Tail slapping has several functions. It is helpful in trying  to remove things that have attached to the whale, such as barnacles, sea lice and parasites. Apparently, tail slapping is also a form of entertainment. Obviously, it is what whale watching tourists hope to see, but the whale does it to entertain itself! Sometimes two whales will try to out slap each other for fun!

Bone is commonly carved.
For the Humpback Whale, the tail is like a human fingerprint in that it is unique to that creature. Researchers identify whales by their tail marks and also by their unique dorsal fins. This is how they track the movement of whales throughout the oceans from season to season. Whales are migratory.
The Humpback's tail can be massive and provides the thrust when the whale is swimming. Unfortunately, predators often attack the tail and nip and bite the pectoral fins to try to immobilize the whale. With the predators' continuing persistence, the damage caused can disable the whale so it is unable to swim; then it will drown. Once the whale is dead, the predators feast in peace without danger to themselves! Orcas, a.k.a. Great White Shark, are serious predators, often leaving teeth markings on the whale's body.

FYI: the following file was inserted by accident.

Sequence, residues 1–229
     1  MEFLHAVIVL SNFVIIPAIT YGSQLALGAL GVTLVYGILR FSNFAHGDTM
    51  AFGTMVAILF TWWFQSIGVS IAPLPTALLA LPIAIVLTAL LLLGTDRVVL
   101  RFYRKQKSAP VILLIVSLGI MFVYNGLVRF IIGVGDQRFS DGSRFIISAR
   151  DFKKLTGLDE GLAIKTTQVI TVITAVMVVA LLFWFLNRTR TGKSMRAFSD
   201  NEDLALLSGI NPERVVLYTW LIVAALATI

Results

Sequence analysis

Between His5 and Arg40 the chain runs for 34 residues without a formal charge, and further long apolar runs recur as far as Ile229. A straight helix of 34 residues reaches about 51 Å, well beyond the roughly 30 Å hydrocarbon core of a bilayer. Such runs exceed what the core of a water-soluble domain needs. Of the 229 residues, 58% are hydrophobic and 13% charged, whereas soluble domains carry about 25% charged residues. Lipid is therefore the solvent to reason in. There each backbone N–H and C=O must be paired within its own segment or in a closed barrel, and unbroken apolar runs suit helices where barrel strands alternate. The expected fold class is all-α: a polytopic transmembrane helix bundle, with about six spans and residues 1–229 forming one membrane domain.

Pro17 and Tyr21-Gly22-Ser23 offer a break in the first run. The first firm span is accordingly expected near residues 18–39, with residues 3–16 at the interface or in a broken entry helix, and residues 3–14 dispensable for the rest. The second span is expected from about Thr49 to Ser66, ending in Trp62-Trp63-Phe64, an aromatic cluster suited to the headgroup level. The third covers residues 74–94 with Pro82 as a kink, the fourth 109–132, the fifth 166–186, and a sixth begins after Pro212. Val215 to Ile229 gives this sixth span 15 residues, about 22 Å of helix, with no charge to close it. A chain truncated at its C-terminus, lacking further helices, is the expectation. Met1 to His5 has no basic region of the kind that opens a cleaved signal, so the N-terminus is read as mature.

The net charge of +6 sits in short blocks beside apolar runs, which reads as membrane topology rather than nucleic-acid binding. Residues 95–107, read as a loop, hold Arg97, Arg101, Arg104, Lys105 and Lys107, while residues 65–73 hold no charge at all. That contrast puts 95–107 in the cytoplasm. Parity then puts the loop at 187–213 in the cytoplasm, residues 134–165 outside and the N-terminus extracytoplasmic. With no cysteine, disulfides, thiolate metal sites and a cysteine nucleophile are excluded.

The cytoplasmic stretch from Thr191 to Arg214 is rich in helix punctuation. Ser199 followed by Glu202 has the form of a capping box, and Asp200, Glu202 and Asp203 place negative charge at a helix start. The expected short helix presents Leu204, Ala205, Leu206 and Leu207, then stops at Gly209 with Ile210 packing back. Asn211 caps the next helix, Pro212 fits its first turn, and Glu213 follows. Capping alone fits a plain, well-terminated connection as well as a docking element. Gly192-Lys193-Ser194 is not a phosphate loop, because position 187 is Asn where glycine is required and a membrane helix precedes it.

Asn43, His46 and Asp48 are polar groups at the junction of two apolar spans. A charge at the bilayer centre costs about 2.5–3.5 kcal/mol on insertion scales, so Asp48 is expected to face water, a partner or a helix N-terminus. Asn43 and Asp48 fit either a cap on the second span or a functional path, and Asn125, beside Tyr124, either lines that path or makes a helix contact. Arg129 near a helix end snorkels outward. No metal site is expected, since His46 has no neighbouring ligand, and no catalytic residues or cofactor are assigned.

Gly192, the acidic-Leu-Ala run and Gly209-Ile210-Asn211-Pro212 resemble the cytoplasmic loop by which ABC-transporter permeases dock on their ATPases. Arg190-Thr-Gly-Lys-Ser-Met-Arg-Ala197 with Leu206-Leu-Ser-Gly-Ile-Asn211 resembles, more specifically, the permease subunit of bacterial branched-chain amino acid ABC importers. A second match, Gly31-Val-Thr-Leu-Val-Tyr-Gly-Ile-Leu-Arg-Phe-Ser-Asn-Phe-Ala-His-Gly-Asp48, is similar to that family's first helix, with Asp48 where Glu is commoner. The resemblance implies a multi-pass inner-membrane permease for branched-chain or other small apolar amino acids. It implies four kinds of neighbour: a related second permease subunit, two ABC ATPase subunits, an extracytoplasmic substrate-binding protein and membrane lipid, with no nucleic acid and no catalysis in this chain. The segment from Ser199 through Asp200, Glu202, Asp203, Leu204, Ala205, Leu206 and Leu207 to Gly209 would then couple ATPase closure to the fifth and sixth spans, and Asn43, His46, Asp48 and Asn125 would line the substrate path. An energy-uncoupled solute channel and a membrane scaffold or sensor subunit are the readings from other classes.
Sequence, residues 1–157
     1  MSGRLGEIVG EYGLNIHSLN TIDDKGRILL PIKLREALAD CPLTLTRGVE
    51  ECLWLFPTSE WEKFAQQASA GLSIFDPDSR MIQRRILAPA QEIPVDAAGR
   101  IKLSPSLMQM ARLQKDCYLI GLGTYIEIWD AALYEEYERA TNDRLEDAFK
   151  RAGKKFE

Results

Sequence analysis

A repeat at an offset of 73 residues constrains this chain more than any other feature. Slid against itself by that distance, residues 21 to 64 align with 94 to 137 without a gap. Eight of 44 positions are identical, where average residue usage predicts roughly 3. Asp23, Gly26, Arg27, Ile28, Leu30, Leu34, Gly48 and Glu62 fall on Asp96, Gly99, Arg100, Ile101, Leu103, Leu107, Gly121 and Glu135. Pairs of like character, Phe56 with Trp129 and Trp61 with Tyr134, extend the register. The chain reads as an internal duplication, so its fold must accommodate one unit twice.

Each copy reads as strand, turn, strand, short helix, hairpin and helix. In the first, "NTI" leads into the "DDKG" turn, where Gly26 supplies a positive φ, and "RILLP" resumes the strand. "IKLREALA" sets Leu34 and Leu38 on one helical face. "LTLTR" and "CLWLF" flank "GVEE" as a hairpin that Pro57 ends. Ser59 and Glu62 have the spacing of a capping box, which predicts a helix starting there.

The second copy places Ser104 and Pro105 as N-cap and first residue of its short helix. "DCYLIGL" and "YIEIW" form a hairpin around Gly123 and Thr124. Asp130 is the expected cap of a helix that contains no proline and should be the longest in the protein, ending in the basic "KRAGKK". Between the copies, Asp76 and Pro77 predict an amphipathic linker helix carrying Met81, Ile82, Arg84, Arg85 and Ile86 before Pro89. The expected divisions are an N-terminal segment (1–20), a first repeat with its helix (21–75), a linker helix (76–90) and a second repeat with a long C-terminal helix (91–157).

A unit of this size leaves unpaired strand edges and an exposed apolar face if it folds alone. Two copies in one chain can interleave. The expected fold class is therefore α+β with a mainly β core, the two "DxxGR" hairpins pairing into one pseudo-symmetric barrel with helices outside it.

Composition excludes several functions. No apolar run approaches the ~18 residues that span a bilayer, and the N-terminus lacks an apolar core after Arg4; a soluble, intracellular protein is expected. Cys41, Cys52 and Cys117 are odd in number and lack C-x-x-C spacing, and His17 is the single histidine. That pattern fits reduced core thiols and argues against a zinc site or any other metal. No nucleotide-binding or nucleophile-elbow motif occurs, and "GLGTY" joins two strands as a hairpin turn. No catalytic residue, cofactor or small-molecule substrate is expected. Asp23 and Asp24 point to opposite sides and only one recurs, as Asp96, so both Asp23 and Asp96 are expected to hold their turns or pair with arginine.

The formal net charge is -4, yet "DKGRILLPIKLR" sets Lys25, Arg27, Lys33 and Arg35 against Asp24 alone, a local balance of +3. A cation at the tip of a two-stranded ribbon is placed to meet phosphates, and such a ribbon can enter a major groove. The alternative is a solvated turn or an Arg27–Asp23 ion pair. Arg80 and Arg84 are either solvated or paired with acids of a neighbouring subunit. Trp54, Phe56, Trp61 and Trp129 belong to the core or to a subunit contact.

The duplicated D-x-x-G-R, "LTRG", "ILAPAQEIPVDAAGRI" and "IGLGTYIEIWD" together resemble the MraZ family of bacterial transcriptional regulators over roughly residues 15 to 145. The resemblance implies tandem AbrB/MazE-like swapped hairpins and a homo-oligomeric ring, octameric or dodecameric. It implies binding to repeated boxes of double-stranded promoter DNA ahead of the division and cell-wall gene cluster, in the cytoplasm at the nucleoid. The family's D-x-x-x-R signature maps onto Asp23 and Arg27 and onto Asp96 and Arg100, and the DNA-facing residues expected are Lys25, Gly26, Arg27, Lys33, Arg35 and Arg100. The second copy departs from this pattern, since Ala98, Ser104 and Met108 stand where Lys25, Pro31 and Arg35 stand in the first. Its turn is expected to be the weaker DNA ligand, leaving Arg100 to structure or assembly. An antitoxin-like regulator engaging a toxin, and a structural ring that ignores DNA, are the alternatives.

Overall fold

The whale's tail is commonly used for advertising and as logos in the tourism industry. It is also very popular in jewelry design due to its spiritual meaning in many Melanesian cultures. Some of the designs are stunning. And they are done in various materials: bone, shell, dead coral, wood, paua, greenstone and other hard materials, including plastic which have been mass produced in molds in China (yuck!). The locals do not use chains, but hang them from cords of varying fibers. They say their "gold" is the carving itself and doesn't need a gold or silver chain. Nice thought!

The islanders wear the whale's tail as symbols of goodness. It has a number of meanings that vary from culture to culture and country to country, but they are all positive meanings: 1) a symbol of good luck, 2) it represents speed and strength, and 3) a symbol of freedom, strength and joy within a beautiful spirit.